Various molecules involved in JAK-STAT signaling pathway were characterized in our analysis (Table 6, Figure S3). Through JAK-STAT pathway, different aspects of hematopoiesis and immune response were mediated by cytokines, including interleukin (IL), interferon (IFN), growth hormone (GH) and thyroid peroxidase (TPO) [21]. In putative JAK-STAT pathway, after interaction of cytokine and cytokine receptor (CytokineR), STAT was activated by JAK, dimerizing, translocating to the nucleus and regulating the expression of target genes. Furthermore, numerous regulatory layers were found in this pathway. They were divided to negative regulators including SH2-containing phosphatases SHP1 and SHP2, cytokine inducible SH2-containing protein (CIS), suppressor of cytokine signaling (SOCS) and protein inhibitor of activated STAT (PIAS), and positive regulators including signal transducing adaptor molecule (STAM), mitogen-activated protein kinase (MAPK) and the interacting proteins.

Table 6. Putative immune genes involved in JAK-STAT pathway.

MAPK pathway.

Putative MAPK signaling pathway containing 122 non-redundant unigenes was also analyzed (Table 7, Figure S4). MAPKs were composed of three different major families – c-Jun N-terminal kinase (JNK) family, p38/stress-activated protein kinase (p38/SAPK) family and extracellular-signal regulated kinase (ERK) family, and regulated different processes by protease cascade. In this putative pathway, each cascade was triggered by extracellular signals and resulted in activation of MAPK kinase kinase (MAPKKK/MEKK), followed by activation of MAPK kinase (MAPKK/MEK/MKK) and MAPK/ERK, finally leading to function of diverse substrates and NF-kB proteins.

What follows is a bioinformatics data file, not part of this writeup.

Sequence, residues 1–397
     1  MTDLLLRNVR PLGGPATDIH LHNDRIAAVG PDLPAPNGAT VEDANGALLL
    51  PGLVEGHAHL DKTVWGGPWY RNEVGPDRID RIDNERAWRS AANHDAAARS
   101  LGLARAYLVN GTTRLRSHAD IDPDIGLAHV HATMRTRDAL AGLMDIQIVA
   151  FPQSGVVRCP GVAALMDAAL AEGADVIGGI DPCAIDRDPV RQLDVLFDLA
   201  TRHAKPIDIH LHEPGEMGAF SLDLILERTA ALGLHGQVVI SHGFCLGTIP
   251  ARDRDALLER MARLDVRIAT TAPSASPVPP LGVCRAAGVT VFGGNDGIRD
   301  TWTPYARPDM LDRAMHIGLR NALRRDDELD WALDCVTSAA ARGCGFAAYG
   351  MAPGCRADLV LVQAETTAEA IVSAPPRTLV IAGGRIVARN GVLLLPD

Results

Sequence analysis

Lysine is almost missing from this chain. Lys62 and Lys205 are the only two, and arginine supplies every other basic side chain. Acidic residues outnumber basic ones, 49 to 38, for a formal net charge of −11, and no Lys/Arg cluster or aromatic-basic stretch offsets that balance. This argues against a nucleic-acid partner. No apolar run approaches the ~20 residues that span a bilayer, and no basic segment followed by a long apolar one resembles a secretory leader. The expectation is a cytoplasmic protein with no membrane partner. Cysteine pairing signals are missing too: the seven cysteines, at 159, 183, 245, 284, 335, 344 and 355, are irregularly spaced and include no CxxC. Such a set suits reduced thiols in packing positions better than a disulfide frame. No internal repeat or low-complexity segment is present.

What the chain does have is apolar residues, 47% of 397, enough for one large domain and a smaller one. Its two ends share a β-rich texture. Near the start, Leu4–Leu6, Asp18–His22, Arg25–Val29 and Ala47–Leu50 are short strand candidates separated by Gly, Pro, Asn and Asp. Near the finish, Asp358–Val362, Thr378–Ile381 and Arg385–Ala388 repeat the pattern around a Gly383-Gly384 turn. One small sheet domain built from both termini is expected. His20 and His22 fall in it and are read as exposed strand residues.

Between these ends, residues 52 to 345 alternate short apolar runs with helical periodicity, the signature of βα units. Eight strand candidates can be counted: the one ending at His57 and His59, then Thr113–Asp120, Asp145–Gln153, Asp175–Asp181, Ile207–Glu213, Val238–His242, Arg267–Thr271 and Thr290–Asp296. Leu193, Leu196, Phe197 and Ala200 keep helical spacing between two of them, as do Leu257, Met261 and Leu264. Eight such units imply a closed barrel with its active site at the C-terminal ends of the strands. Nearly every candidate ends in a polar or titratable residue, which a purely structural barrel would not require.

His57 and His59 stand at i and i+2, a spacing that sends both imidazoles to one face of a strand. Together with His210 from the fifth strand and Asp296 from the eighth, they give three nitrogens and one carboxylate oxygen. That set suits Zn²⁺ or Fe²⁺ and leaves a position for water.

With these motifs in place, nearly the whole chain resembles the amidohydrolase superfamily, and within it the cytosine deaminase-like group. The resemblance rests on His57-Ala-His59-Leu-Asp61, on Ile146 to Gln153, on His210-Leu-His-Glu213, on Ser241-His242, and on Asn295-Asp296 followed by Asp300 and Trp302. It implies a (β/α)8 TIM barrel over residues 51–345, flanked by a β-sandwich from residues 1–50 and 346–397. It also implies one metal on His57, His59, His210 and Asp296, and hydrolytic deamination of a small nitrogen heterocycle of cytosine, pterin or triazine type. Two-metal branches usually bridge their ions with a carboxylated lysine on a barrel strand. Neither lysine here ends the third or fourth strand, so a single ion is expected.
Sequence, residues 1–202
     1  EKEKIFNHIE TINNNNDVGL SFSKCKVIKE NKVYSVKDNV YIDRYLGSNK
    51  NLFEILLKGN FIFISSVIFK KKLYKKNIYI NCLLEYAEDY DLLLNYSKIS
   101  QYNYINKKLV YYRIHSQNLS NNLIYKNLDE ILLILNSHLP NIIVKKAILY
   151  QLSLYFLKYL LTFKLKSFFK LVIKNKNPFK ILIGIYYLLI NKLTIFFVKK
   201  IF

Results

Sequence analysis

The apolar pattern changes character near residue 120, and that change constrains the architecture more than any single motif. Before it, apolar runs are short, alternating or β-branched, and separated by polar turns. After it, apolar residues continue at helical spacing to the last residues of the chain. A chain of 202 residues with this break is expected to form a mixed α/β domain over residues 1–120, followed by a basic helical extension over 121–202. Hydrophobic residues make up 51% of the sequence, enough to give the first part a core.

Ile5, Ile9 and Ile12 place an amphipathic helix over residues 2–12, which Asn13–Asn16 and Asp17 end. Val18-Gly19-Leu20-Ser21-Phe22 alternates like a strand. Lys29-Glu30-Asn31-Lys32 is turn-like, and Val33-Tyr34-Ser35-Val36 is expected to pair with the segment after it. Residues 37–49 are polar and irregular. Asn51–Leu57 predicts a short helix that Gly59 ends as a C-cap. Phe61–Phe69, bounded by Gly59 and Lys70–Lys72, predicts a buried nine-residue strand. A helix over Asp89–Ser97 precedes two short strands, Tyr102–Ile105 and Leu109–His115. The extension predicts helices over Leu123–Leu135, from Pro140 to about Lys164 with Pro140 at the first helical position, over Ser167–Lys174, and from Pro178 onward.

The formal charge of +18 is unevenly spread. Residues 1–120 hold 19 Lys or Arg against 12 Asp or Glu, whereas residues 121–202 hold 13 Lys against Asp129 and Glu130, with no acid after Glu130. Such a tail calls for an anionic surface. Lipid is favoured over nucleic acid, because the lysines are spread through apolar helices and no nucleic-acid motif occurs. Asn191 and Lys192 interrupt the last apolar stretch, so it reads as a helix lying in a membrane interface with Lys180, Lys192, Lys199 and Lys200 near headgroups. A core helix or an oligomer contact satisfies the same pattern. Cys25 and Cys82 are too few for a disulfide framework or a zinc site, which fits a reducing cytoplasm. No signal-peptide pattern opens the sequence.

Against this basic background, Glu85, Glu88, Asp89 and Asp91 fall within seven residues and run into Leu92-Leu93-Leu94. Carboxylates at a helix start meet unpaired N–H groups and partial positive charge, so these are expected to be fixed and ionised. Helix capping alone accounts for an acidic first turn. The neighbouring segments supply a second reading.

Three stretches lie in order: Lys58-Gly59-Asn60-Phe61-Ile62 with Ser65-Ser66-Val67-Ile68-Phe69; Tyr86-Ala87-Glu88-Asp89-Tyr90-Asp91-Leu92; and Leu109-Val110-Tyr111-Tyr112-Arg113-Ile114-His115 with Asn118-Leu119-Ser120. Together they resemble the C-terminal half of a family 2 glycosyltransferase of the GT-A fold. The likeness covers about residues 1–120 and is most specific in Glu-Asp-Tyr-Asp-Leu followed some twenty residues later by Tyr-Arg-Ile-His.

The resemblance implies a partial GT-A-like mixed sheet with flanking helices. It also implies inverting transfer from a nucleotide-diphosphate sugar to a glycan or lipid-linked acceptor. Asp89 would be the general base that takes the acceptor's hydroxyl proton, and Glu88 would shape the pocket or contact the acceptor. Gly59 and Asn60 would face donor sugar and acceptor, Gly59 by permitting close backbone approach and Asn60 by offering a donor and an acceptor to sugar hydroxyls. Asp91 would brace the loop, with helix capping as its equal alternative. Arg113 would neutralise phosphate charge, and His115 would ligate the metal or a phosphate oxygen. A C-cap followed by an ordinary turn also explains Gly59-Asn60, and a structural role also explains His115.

Validation of Illumina sequencing results by RT-PCR

Quantitative RT-PCR was used to confirm the expression profiles of genes that were identified in Illumina sequencing analysis. As was shown in Table S1, analyzed members of the study contained some pathway-associated components, including IMD, SOCS, Spatzle (Spa), filamin (FLNA), p21-activated kinase 1 (Pak1), cytosolic phospholipase A2 (cPLA2), dual-specificity MAP kinase phosphatase (MKP), heat shock 70kDa protein (HSP), Ras-related C3 botulinum toxin substrate 1 (Rac1), hepatocyte growth factor (HGF), vascular endothelial growth factor receptor (VEGFR). Many other important immune-related genes, such as arginase (ARG), chitinase (Chi), Integrin (Int), lysozyme (LZM), peroxinectin (Pero), thymosin (Thy), anti-lipopolysaccharide factor (ALF), mannose receptor (ManR), scavenger-receptor (ScaR), mannose-binding protein (MBL), masquerade-like protein (MasL), glutathione peroxidase (GPX), glutathione S-transferase (GST), thioredoxin reductase (TrxR), trypsin-like serine protease (TrySP), chymotrypsin-like serine protease (ChySP), were also identified and analyzed (Table S1).

Results of RT-PCR revealed different expression abundances of the analyzed genes (Figure 6). Among them, TrySP, ChySP and ALF showed highest expression level, followed by Thy and TrxR, while LZW displayed the lowest level. It was consistent with the results of Illumina sequencing data (Table S1), which not only validated the expression profile of different identified immune genes, but also verified the reliability and accuracy of our transcriptome analysis.

Figure 6. Real-time PCR validation of the expressed genes in Illumina sequencing.